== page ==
A focus group study of health professionals' views on phantom sensation, phantom pain and the need for patient information

Hdl Handle:
http://hdl.handle.net/10149/58229
Title:
A focus group study of health professionals' views on phantom sensation, phantom pain and the need for patient information
Authors:
Mortimer, C. M. (Clare); MacDonald, R. J. M. (Roderick); Martin, D. J. (Denis); McMillan, I. R. (Ian); Ravey, J. (John); Steedman, W. M. (Wilma)
Affiliation:
Queen Margaret University College. Scottish Network for Chronic Pain Research. Edinburgh; The Royal Infirmary of Edinburgh; Queen Margaret University College. Deparment of Occupational Therapy and Art Therapies. Edinburgh; University of Ulster. Faculty of Social and Health Sciences. Northern Ireland.
Citation:
Mortimer, C. M. et al. (2004) 'A focus group study of health professionals' views on phantom sensation, phantom pain and the need for patient information', Patient Education and Counseling, 54 (2), pp.221-226.
Publisher:
Elsevier
Journal:
Patient Education and Counseling
Issue Date:
Aug-2004
URI:
http://hdl.handle.net/10149/58229
DOI:
10.1016/S0738-3991(03)00237-4
Abstract:
Focus groups with 32 health professionals from pre- and post-amputation care in central Scotland were used to explore perceptions of phantom sensation and pain, and current practice and potential improvements to patient information. Findings were compared to our parallel study of patients' experiences of phantom phenomena and information needs. Professionals' perceptions of phantom phenomena did not always match patient experiences: few professionals were fully aware of the nature, or the problems associated with phantom pain. There was uncertainty about who provided information and reported information was inconsistent and only weakly grounded in theory and mechanism-based management. Whilst there was awareness of the benefits of information, content, mode of delivery and co-ordination were all identified as areas for improvement. Our findings suggest that the information given to patients on phantom phenomena is inconsistent and insufficient. Possible solutions are the development of minimum standards of information and specifically targeted interprofessional education.
Type:
Article
Keywords:
amputation; information; phantom pain; sensation; perceptions; experiences; amputee
ISSN:
0738-3991
Rights:
Author can archive post-print (ie final draft post-refereeing). For full details see http://www.sherpa.ac.uk/romeo/ [Accessed 15/01/2010]
Citation Count:
2 [Scopus, 15/01/2010]

Full metadata record

DC FieldValue Language
dc.contributor.authorMortimer, C. M. (Clare)-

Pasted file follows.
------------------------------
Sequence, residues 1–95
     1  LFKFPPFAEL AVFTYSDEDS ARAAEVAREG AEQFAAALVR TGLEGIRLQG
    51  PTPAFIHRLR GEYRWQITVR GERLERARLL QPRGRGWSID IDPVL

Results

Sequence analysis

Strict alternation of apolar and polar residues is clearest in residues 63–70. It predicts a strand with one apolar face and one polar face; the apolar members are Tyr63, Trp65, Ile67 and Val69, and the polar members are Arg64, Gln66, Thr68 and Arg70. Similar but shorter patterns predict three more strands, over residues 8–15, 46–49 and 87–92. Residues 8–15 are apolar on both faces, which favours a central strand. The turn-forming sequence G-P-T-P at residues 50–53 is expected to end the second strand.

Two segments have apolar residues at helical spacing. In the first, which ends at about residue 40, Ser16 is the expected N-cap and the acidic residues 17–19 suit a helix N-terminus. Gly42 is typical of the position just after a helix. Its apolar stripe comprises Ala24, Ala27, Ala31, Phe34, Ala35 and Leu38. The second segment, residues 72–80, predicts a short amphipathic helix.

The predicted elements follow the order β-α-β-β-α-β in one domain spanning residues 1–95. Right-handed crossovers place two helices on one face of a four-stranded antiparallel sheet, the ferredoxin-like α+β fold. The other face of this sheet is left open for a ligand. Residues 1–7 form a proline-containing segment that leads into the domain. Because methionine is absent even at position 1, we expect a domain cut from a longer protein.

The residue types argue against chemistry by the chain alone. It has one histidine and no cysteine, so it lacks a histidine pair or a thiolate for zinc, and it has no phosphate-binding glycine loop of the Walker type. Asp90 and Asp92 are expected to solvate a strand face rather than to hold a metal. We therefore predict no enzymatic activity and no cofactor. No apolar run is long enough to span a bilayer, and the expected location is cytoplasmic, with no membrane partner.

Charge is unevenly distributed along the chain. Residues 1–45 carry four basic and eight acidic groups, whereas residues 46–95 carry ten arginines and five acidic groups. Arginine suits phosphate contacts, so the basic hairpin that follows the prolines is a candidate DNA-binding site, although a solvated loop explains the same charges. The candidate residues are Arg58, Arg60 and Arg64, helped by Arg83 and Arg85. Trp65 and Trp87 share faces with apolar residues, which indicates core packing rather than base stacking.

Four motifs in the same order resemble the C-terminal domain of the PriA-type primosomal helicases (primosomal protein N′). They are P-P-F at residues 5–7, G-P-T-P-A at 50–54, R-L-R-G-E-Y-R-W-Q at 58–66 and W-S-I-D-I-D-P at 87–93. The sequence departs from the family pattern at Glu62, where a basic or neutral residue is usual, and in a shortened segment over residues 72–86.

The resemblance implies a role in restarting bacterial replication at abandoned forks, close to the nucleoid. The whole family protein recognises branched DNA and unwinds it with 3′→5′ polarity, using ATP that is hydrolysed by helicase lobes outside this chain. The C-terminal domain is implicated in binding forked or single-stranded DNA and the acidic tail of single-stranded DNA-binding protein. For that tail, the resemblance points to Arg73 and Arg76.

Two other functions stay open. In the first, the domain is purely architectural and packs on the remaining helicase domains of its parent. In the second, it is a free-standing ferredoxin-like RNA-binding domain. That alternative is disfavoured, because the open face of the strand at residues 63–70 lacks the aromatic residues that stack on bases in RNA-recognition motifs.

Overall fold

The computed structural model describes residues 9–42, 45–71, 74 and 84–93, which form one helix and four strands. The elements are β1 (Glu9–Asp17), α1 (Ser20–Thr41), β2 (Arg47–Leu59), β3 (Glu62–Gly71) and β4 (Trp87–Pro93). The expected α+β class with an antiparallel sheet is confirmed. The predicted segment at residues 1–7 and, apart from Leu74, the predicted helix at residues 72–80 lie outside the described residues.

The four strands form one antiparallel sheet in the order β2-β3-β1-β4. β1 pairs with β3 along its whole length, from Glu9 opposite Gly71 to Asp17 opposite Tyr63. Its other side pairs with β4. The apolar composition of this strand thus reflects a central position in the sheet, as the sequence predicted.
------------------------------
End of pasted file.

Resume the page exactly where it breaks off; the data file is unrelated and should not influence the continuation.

dc.contributor.authorMacDonald, R. J. M. (Roderick)-
dc.contributor.authorMartin, D. J. (Denis)-
dc.contributor.authorMcMillan, I. R. (Ian)-
dc.contributor.authorRavey, J. (John)-
dc.contributor.authorSteedman, W. M. (Wilma)-
dc.date.accessioned2009-04-01T10:46:33Z-
dc.date.available2009-04-01T10:46:33Z-
dc.date.issued2004-08-
dc.identifier.citationPatient Education and Counseling; 54 (2): 221-226-
dc.identifier.issn0738-3991-
dc.identifier.doi10.1016/S0738-3991(03)00237-4-
dc.identifier.urihttp://hdl.handle.net/10149/58229-
dc.description.abstractFocus groups with 32 health professionals from pre- and post-amputation care in central Scotland were used to explore perceptions of phantom sensation and pain, and current practice and potential improvements to patient information. Findings were compared to our parallel study of patients' experiences of phantom phenomena and information needs. Professionals' perceptions of phantom phenomena did not always match patient experiences: few professionals were fully aware of the nature, or the problems associated with phantom pain. There was uncertainty about who provided information and reported information was inconsistent and only weakly grounded in theory and mechanism-based management. Whilst there was awareness of the benefits of information, content, mode of delivery and co-ordination were all identified as areas for improvement. Our findings suggest that the information given to patients on phantom phenomena is inconsistent and insufficient. Possible solutions are the development of minimum standards of information and specifically targeted interprofessional education.-
dc.publisherElsevier-
dc.rightsAuthor can archive post-print (ie final draft post-refereeing). For full details see http://www.sherpa.ac.uk/romeo/ [Accessed 15/01/2010]-
dc.subjectamputation-
dc.subjectinformation-
dc.subjectphantom pain-
dc.subjectsensation-
dc.subjectperceptions-
dc.subjectexperiences-
dc.subjectamputee-
dc.titleA focus group study of health professionals' views on phantom sensation, phantom pain and the need for patient information-
dc.typeArticle-
dc.contributor.departmentQueen Margaret University College. Scottish Network for Chronic Pain Research. Edinburgh; The Royal Infirmary of Edinburgh; Queen Margaret University College. Deparment of Occupational Therapy and Art Therapies. Edinburgh; University of Ulster. Faculty of Social and Health Sciences. Northern Ireland.-
dc.identifier.journalPatient Education and Counseling-
ref.assessmentRAE 2008-
ref.citationcount2 [Scopus, 15/01/2010]-
or.citation.harvardMortimer, C. M. et al. (2004) 'A focus group study of health professionals' views on phantom sensation, phantom pain and the need for patient information', Patient Education and Counseling, 54 (2), pp.221-226.-
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